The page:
Palestinians Lose Faith In Two-State Solution

Published on
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The Guardian/UK

Palestinians Lose Faith In Two-State Solution

Study group calls for new form of resistance to Israeli occupation with goal of single, bi-national state

by
Rory McCarthy

A Palestinian protester confronts an Isareli soldier. (Photograph: Ronen Zvulun/ Reuters)

JERUSALEM - group of prominent Palestinian figures has proposed a radical
change in strategy to demand a single, bi-national state if the current
round of Middle East peace talks fails.

The Palestinian Strategy Study Group,
an EU-funded project written by 27 leading Palestinian figures from
across the political spectrum, argued that the current two-state
framework for peace talks is failing to bring the promised independent
state. Instead, it suggested ending the negotiation process that has
gone on now for nearly 20 years, reconstituting the Palestinian
Authority into what might become a "Palestinian Resistance Authority",
and developing a form of "smart" resistance.

"The central aim
will be to maximise the cost of continuing occupation for Israel, and
to make the whole prospect of unilateral separation unworkable," it
said. The final, and most striking proposal, is to shift to a "single
state outcome" as the Palestinians' preferred goal. This, it said,
would regain the strategic initiative for the Palestinians.

"Although
many Palestinians may still prefer a genuine negotiated two-state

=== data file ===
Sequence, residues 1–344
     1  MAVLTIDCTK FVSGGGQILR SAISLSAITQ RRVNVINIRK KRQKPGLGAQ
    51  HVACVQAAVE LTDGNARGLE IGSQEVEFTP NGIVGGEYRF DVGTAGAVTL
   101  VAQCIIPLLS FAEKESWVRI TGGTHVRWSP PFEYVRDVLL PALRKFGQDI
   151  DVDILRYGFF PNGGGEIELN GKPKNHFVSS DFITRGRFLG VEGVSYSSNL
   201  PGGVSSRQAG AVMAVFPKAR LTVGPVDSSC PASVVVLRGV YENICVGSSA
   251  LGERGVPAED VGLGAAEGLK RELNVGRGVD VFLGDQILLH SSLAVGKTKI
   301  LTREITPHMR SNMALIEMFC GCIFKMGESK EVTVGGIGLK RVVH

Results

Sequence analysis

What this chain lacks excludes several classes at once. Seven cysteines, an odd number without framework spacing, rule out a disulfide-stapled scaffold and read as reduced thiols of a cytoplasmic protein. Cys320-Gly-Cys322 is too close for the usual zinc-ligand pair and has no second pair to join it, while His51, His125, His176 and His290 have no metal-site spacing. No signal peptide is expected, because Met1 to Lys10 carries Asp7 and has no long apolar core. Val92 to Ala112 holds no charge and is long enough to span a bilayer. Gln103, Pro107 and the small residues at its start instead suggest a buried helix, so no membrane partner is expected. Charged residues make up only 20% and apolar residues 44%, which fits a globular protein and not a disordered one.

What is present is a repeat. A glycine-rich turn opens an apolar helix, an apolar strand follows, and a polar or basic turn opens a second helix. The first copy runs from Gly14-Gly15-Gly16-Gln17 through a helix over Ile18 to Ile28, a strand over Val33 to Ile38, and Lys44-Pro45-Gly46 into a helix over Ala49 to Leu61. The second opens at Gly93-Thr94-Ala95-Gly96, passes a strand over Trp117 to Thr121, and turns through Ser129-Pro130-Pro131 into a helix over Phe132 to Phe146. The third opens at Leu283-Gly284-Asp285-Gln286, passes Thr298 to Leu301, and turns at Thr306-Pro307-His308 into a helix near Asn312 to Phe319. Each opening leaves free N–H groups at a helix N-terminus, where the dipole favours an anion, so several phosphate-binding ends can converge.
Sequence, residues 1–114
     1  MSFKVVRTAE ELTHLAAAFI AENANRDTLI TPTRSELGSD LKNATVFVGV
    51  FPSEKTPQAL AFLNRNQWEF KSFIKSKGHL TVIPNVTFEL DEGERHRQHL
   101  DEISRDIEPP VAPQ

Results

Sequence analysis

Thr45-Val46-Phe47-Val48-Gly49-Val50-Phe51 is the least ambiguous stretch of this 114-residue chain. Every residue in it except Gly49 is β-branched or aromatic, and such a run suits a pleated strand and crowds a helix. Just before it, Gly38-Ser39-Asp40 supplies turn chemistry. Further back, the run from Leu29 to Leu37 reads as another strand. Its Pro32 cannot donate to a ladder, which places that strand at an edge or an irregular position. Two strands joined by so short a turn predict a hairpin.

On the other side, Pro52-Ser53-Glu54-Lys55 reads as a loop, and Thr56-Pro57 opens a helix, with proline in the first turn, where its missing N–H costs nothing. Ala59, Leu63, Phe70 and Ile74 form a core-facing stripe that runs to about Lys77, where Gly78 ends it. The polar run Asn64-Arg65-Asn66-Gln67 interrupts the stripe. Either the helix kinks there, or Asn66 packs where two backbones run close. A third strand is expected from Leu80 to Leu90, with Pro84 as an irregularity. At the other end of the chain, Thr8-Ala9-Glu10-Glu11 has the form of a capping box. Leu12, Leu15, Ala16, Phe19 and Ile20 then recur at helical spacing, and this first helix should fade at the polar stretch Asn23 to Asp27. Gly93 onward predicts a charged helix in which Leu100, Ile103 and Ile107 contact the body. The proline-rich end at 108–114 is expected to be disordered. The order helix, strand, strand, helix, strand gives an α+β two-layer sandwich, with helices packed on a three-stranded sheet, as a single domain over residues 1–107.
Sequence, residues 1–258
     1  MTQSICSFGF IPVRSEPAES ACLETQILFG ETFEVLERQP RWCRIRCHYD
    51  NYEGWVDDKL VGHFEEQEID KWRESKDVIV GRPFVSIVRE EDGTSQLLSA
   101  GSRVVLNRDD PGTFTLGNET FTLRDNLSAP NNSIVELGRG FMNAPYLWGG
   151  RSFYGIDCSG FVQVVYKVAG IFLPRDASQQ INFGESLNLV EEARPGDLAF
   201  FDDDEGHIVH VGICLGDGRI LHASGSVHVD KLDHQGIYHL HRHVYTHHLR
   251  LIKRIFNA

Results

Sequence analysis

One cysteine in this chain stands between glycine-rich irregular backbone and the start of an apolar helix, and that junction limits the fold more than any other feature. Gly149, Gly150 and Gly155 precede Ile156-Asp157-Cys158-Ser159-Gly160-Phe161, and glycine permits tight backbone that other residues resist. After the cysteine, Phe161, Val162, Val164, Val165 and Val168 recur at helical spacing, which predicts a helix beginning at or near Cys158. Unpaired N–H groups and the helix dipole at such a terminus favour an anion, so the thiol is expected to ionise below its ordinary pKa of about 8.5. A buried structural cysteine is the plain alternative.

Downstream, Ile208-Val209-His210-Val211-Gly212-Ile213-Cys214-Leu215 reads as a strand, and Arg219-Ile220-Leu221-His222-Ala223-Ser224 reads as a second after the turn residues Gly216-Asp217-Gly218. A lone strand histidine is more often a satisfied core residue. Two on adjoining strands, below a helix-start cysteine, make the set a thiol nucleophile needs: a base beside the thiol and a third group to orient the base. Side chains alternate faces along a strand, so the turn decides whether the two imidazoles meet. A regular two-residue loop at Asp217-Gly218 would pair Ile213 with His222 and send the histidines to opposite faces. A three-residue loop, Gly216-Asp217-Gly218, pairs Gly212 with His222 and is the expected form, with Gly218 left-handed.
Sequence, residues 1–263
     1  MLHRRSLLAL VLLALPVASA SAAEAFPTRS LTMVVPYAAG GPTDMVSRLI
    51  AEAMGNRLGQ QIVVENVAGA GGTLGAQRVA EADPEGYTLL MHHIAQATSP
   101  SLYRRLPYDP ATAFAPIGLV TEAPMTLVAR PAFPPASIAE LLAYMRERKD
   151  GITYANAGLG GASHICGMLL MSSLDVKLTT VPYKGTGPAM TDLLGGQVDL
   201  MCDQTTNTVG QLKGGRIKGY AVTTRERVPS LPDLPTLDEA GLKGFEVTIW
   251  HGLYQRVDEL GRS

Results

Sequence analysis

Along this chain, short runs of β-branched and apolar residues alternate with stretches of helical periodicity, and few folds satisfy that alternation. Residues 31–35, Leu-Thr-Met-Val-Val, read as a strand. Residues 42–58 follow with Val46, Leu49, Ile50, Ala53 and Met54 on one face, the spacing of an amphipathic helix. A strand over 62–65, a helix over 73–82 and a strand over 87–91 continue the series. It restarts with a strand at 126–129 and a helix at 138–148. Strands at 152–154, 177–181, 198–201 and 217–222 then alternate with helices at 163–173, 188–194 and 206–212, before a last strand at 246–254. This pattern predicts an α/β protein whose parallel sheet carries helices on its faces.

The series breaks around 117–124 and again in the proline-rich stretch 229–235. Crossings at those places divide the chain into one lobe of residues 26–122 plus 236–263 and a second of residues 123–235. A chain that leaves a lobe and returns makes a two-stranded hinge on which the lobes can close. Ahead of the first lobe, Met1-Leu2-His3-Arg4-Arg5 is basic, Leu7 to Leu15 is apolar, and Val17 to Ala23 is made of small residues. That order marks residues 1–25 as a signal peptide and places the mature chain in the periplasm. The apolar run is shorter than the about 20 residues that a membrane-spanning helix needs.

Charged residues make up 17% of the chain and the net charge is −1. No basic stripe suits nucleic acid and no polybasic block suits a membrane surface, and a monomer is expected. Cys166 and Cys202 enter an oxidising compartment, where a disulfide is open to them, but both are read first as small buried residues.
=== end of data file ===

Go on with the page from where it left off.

solution, a failure of the present Annapolis initiative will greatly
strengthen those who argue against this," the report said. "Most
Palestinians are then likely to be convinced that a negotiated
agreement is no longer possible."

It is not the first time a
bi-national state has been proposed as a Palestinian goal, but the new
report signals a marked shift in Palestinian thinking at a time when
the latest peace talks between Israel and the Palestinians are yet
again struggling to make any headway. Questions are now being asked on
both sides about the future of the two-state solution that for so long
has been the framework of Middle East peacemaking.

The greatest
disquiet is on the Palestinian side, where even moderates are now
beginning to sense the two-state formula is moving out of reach.

"I
feel that a two-state solution is losing currency amongst both our
peoples and with the world community beyond," said Salam Fayyad, the
Palestinian prime minister and former World Bank and IMF economist, in
a speech he wrote for a meeting of former Israeli diplomats yesterday
and which was delivered by Riad Malki, the Palestinian foreign
minister.

Malki himself admitted that, despite 10 months of
talks between Israeli and Palestinian leaders, which began in
Annapolis, in the United States, not a single word of agreement had
been put on paper. The Annapolis process, the first such peace talks in
seven years, were supposed to produce a peace agreement by the end of
this year - a goal that has proved wildly unrealistic.

Another
group, the Israel-Palestine Centre for Research and Information,
published a policy document this week with proposals for the
Palestinians to change the status quo. Among the options it said were
available were dissolving the Palestinian Authority, calling for a
one-state solution and making a Kosovo-style unilateral declaration of
independence.

However, it noted that the chief risk of calling